Origin and evolution of large brains in toothed whales

Bibliographic Collection: 
MOCA Reference, APE
Publication Type: Journal Article
Authors: Marino, Lori; McShea, Daniel W.; Uhen, Mark D.
Year of Publication: 2004
Journal: The Anatomical Record Part A: Discoveries in Molecular, Cellular, and Evolutionary Biology
Volume: 281A
Pagination: 1247–1255
Publication Language: eng
ISSN: 1552-4892
Keywords: cetacean, encephalization, odontocetes

Toothed whales (order Cetacea: suborder Odontoceti) are highly encephalized, possessing brains that are significantly larger than expected for their body sizes. In particular, the odontocete superfamily Delphinoidea (dolphins, porpoises, belugas, and narwhals) comprises numerous species with encephalization levels second only to modern humans and greater than all other mammals. Odontocetes have also demonstrated behavioral faculties previously only ascribed to humans and, to some extent, other great apes. How did the large brains of odontocetes evolve? To begin to investigate this question, we quantified and averaged estimates of brain and body size for 36 fossil cetacean species using computed tomography and analyzed these data along with those for modern odontocetes. We provide the first description and statistical tests of the pattern of change in brain size relative to body size in cetaceans over 47 million years. We show that brain size increased significantly in two critical phases in the evolution of odontocetes. The first increase occurred with the origin of odontocetes from the ancestral group Archaeoceti near the Eocene-Oligocene boundary and was accompanied by a decrease in body size. The second occurred in the origin of Delphinoidea only by 15 million years ago. © 2004 Wiley-Liss, Inc.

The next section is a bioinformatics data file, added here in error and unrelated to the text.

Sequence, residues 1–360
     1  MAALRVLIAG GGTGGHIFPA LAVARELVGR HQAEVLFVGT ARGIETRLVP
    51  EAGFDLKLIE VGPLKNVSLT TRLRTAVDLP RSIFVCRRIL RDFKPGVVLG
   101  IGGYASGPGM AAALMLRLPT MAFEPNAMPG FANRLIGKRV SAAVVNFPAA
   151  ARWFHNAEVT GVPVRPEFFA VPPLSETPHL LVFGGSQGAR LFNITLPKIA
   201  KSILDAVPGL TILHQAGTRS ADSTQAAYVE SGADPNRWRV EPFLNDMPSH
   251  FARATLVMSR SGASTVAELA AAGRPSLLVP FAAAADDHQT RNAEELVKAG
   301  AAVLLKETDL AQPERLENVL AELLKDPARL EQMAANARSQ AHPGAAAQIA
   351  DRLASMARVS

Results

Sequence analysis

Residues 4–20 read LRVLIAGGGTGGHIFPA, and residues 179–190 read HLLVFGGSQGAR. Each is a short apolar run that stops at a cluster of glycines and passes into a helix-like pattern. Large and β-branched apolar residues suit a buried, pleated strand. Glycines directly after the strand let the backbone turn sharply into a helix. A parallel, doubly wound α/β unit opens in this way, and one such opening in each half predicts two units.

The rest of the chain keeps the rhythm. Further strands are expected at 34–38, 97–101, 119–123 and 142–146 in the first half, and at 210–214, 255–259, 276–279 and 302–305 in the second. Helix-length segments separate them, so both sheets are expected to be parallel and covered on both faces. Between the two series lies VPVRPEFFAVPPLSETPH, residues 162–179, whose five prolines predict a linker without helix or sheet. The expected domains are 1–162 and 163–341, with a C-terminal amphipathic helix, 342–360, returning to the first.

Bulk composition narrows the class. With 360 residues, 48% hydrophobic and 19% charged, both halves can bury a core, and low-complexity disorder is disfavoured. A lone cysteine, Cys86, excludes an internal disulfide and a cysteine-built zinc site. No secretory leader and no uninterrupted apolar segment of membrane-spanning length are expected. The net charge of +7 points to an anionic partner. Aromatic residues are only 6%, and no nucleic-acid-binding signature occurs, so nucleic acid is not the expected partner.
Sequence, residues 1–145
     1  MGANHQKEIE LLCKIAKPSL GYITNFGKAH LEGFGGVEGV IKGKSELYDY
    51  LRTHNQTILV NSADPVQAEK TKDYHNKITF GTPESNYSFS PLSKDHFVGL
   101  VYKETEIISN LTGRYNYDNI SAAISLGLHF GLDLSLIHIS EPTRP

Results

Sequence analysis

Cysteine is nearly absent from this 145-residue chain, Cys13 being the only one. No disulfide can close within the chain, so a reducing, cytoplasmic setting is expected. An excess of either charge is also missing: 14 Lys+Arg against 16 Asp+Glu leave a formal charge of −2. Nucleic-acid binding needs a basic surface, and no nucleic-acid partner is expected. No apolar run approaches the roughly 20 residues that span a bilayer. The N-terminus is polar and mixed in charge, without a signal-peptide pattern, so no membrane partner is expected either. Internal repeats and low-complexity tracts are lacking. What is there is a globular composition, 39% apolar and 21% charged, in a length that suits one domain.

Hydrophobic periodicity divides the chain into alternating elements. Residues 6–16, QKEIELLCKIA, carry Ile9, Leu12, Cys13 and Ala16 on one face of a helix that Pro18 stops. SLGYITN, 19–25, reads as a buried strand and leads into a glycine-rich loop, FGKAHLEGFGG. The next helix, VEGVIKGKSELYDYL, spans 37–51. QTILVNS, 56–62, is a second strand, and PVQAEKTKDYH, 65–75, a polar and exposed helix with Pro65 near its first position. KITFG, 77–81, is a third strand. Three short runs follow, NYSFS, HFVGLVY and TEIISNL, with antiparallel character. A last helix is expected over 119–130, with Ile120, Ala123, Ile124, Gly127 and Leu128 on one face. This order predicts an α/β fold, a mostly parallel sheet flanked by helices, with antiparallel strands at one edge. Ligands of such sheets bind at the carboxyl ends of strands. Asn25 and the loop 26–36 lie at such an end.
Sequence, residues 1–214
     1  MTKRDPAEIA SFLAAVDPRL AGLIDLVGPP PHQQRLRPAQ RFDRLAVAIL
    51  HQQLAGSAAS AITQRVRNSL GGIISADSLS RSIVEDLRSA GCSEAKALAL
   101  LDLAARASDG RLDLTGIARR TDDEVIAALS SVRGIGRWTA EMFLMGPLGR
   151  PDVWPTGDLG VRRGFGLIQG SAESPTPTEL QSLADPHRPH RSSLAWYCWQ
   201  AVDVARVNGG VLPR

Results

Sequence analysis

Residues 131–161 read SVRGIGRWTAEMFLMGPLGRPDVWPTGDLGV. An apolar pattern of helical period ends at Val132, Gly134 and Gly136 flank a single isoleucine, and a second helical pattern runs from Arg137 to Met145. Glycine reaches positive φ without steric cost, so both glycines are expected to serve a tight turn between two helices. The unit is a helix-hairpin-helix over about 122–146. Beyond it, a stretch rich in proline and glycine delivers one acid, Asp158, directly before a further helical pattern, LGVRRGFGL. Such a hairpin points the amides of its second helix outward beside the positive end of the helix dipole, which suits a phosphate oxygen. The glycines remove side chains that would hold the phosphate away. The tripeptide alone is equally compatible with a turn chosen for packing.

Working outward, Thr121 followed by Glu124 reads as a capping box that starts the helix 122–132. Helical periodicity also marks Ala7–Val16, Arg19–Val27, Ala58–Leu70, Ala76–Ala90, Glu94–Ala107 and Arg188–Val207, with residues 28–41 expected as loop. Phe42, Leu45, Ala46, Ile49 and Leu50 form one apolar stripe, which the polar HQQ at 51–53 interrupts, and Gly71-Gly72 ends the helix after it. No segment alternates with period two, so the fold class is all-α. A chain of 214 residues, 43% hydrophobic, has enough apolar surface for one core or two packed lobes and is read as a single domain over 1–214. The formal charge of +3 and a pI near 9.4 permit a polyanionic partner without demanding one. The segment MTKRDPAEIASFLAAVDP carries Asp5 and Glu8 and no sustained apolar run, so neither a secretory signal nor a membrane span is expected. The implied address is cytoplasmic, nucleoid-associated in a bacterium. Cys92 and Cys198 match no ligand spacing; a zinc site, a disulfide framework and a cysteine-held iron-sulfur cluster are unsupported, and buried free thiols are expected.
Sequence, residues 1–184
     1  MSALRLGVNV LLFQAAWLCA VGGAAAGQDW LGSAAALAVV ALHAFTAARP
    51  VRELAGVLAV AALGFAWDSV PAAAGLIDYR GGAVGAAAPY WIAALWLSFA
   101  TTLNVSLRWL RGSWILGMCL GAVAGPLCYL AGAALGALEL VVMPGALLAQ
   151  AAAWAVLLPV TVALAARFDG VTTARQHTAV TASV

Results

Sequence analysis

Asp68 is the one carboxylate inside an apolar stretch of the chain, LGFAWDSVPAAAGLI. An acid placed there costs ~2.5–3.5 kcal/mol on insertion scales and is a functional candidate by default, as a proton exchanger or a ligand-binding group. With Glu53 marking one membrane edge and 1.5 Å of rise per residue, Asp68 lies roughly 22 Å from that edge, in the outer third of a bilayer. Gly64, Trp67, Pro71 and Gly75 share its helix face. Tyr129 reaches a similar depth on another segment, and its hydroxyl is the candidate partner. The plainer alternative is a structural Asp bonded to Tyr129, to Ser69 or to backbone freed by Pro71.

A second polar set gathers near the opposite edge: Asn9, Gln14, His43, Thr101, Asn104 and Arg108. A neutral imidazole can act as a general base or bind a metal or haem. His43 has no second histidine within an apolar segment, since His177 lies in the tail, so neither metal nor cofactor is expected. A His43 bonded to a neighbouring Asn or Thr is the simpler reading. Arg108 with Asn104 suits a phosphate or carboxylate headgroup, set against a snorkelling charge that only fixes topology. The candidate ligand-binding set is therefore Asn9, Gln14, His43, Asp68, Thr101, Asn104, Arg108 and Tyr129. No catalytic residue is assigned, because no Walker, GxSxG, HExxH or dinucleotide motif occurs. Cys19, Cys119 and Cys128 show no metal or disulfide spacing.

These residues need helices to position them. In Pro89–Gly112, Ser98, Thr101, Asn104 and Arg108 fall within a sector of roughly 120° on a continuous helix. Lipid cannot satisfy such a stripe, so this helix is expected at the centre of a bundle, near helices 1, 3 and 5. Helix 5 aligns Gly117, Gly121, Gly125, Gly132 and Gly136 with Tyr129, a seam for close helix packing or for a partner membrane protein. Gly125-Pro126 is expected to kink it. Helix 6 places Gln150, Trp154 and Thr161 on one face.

DOI: 10.1002/ar.a.20128
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